★ BLUE OCTOBER
From page 14 of Classic Rock Magazine November 2006
Meet the Texan band whose eclectic sound is amalgam of mood-altering drugs, answerphone messages, Imogen Heap on backing vocals and, er, electric violins.
WORDS: SIÂN LLEWELLYN
It’s taken the best part of a decade for Blue October to become America’s latest overnight success as their massive hit single Hate Me dominates US rock radio. These days it might be de rigeur for bands to capitalise upon a ‘woe is me, I’m depressed’ schtick, but for Blue October it’s the real deal. Frontman Justin Furstenfeld has been in therapy since he was barely a teenager and today controls his depression through medication. So when Classic Rock speaks to the man who spits out lyrics like ‘ Hate me today/Hate me tomorrow/Hate me for all the things I didn’t do for you ’ like his life depends upon it, it’s a surprise to find him affable, charming and quick to laugh.
“I already thought we were successful,” smiles Justin, when asked how the new-found glory is affecting him. “Just making a living by making music was enough of an achievement for me.”
Furstenfeld is something of a musical Anglophile, and Blue October’s fifth album Foiled is full of British influences. He cites The Cure, The Smiths and Peter Gabriel as favourites, and you may recognise the backing vocalist upon Congratulations – a song that owes a debt to Marillion – as British singersongwriter Imogen Heap. “I’m still a bit shocked by that one,” admits Justin. “I never thought it would happen, but I sent her the song and she liked it.”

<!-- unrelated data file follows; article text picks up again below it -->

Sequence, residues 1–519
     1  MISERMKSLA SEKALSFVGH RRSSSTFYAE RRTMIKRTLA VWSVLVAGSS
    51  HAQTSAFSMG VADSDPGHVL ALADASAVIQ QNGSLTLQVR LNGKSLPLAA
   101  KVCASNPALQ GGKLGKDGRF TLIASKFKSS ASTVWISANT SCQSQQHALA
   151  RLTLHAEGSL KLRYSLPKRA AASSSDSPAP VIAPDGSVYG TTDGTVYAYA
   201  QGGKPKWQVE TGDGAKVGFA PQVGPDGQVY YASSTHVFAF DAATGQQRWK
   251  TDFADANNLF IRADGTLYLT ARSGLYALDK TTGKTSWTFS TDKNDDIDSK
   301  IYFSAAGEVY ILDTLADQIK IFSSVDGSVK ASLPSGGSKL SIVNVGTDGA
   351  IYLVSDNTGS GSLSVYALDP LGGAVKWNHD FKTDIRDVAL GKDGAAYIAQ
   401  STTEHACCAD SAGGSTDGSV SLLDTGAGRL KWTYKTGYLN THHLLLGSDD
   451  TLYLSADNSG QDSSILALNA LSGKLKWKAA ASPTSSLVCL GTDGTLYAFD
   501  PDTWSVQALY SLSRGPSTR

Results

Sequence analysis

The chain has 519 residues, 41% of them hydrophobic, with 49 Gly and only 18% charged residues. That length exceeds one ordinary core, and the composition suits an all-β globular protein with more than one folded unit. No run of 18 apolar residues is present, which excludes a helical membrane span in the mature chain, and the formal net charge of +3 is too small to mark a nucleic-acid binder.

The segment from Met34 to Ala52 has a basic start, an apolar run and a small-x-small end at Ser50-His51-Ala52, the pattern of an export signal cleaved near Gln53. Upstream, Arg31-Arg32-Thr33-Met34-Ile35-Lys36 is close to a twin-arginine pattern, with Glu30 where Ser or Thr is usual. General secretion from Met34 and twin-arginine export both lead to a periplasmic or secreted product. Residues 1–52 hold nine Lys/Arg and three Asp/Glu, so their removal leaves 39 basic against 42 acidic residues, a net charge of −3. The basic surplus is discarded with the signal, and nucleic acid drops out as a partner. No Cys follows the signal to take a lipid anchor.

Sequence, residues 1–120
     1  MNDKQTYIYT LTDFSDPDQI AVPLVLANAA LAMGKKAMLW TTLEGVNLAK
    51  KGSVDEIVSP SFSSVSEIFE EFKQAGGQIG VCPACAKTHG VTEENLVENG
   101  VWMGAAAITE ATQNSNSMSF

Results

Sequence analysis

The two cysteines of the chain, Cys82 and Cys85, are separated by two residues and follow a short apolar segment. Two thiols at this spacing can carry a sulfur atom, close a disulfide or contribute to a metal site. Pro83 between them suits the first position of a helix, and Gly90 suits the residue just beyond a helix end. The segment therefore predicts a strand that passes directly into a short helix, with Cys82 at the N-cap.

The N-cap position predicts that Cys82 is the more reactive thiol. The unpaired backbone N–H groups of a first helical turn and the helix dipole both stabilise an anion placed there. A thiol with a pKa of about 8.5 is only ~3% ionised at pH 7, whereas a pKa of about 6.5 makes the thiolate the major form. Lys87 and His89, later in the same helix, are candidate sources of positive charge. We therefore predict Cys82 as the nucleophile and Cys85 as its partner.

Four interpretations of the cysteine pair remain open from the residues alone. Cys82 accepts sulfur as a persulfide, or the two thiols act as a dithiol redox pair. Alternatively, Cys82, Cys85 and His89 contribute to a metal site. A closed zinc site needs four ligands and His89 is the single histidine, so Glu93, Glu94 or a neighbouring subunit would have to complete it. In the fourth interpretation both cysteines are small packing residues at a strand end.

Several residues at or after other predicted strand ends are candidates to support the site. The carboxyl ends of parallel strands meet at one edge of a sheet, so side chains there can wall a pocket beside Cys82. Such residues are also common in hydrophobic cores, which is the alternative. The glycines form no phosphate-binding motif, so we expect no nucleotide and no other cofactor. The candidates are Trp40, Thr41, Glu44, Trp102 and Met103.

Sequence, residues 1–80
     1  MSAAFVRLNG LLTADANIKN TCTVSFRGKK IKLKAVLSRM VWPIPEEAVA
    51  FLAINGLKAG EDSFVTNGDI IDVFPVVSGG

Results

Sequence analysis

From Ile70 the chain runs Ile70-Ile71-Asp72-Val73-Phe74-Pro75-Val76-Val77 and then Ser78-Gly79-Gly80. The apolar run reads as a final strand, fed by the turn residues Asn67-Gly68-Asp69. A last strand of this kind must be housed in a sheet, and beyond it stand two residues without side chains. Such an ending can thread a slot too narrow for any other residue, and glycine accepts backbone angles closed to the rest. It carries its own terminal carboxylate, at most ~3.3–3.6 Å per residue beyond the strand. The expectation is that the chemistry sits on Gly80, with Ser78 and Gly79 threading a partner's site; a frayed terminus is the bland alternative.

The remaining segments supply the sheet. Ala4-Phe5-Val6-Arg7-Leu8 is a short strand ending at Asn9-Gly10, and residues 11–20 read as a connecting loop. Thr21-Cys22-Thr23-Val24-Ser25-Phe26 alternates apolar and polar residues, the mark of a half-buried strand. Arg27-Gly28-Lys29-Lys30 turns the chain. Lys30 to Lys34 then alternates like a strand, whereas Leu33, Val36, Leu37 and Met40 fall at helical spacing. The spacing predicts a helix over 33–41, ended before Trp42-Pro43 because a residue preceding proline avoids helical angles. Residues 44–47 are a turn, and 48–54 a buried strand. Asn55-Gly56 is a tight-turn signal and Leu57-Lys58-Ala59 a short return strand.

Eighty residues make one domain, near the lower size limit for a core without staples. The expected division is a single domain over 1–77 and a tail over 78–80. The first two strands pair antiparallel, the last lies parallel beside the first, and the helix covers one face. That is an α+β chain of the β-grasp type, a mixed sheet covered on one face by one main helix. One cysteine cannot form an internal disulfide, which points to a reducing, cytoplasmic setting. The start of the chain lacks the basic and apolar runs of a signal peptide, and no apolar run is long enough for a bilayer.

Although Blue October signed to major label Universal early on in their
career, they were dropped after two albums. “We weren’t selling records,” shrugs the singer. “And however romantically you look at rock’n’roll, it’s still a business. We understood that.” It’s also the reason the band had no qualms in re-signing with them when they subsequently scored a minor hit on the American Wedding soundtrack.
In a twist of fate, the release of the single that has pushed them over the edge – the aforementioned Hate Me (which features a genuine answer-phone message from Justin’s mother) – coincided with an accident that has rendered the usually active frontman incapacitated. “Right now I have a broken knee,” he says. Not that that’s stopped the band touring, they just drafted in an extra guitarist. “I just have to use crutches and I sit on a stool so I can’t play guitar. It’s not the most rock’n’roll image, but at least we’re still getting out there.”
One thing you notice when you see Blue October live is their “notso-secret weapon”, multi-instrumentalist Ryan Delahoussaye (the band is completed by guitarist CB Hudson, bassist Matt Noveskey and Justin’s brother Jeremy on drums). “The thing with Ryan,” confides Justin, “is that one second he’s playing the violin and the next he’s on mandolin. Then he’ll play piano and sing on nearly every song. He definitely helps us be as original as we are.”
• Foiled is out now on Universal Records